The Racialization of Hispanics and the Subordination of Spanish at UT Austin: Explorations and Recommendations

Abstract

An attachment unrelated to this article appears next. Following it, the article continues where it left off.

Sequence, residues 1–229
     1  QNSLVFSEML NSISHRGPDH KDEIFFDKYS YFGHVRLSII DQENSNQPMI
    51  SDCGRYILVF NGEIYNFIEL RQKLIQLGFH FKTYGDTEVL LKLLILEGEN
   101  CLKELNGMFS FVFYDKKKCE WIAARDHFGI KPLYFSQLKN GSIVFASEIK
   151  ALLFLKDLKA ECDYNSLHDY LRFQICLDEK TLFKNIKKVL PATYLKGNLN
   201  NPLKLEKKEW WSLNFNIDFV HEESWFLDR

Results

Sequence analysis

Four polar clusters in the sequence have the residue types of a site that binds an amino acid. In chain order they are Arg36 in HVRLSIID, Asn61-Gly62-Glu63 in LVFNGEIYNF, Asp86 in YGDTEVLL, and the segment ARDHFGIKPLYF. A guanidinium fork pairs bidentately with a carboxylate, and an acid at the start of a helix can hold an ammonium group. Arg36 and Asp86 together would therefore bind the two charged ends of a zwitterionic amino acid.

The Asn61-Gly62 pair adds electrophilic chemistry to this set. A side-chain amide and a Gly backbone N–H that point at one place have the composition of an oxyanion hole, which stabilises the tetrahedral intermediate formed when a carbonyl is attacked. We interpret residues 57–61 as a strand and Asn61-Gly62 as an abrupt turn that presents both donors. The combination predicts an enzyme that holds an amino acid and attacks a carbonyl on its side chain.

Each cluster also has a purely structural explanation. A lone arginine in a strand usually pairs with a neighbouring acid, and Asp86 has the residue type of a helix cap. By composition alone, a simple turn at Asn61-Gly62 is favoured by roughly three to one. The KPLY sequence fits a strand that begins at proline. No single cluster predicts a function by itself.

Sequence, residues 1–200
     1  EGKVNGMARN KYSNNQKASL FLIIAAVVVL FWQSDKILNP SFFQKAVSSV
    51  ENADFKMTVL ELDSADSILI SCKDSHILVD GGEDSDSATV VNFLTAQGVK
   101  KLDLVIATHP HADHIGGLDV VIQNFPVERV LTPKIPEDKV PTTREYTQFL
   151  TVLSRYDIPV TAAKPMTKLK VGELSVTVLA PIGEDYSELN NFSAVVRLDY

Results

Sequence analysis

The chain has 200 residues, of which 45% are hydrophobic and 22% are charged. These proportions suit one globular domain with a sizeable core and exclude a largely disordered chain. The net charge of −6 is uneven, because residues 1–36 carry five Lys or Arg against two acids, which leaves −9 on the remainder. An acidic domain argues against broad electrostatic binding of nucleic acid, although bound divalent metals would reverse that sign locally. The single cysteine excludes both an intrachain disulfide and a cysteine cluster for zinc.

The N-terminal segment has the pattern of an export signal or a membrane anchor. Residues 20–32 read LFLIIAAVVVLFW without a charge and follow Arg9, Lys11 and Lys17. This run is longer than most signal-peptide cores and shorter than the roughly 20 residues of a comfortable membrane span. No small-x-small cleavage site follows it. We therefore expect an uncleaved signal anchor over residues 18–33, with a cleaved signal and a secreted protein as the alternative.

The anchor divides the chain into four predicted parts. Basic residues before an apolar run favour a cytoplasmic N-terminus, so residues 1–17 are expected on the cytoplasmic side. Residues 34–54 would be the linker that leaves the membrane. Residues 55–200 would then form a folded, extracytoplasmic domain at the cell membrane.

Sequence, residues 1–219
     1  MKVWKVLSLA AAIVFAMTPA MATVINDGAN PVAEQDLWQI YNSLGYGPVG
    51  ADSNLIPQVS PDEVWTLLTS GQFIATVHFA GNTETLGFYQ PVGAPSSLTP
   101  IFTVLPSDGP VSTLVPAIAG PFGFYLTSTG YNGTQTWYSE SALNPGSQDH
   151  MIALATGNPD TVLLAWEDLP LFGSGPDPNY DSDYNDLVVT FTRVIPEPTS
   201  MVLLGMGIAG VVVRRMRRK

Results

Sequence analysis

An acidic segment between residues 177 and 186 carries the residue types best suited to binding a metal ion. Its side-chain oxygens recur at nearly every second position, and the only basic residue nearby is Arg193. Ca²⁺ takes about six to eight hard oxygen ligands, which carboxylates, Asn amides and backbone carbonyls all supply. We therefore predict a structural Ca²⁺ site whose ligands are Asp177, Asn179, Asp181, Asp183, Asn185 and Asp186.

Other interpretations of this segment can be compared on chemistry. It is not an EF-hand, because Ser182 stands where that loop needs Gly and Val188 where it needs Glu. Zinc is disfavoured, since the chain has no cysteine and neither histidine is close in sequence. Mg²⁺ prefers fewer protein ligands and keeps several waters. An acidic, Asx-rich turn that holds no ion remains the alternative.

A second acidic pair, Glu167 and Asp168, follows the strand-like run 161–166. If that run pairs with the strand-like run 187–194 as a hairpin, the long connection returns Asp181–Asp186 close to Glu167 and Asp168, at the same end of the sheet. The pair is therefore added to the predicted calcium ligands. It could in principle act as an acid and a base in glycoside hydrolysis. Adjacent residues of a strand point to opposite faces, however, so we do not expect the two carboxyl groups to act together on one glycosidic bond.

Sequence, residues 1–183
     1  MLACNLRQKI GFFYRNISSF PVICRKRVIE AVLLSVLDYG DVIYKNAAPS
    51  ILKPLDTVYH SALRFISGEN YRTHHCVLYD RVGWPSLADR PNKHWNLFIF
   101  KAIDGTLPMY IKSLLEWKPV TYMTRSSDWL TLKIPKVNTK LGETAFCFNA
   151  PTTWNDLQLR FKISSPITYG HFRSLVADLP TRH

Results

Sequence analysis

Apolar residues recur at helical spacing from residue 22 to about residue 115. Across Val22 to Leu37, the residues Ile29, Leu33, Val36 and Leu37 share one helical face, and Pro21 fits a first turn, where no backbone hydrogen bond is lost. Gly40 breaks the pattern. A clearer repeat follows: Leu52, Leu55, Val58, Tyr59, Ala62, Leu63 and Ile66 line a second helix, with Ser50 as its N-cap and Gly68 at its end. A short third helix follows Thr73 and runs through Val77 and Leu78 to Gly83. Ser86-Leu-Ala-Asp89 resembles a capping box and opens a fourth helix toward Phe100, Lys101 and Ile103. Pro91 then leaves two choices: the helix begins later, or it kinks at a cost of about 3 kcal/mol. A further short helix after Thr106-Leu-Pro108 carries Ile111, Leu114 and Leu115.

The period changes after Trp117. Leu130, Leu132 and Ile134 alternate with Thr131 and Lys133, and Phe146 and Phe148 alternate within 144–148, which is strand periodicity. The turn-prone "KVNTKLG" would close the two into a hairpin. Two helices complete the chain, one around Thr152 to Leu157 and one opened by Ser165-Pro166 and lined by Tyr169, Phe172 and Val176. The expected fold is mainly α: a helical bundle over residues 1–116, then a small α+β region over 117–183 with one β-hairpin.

This thesis explores the challenges faced by university students who identify as Latine, specifically the impediments occasioned by the historical racialization of Hispanics and the subordination of Spanish in the United States. It provides a historical and contemporary analysis of the presence of persons of Spanish-language origin and of the Spanish language in the United States and closer to home: at the University of Texas at Austin, a Hispanic-Serving Institution. This grounding motivates the mixed-methods study, whose findings signal the enduring effects of language ideologies, as reflected in students’ linguistic insecurity and imposter phenomena, among other psychological attributes. Interpretations of the findings lead to concrete recommendations for interventions in promoting Latine welfare and success on the University of Texas campus and beyond.

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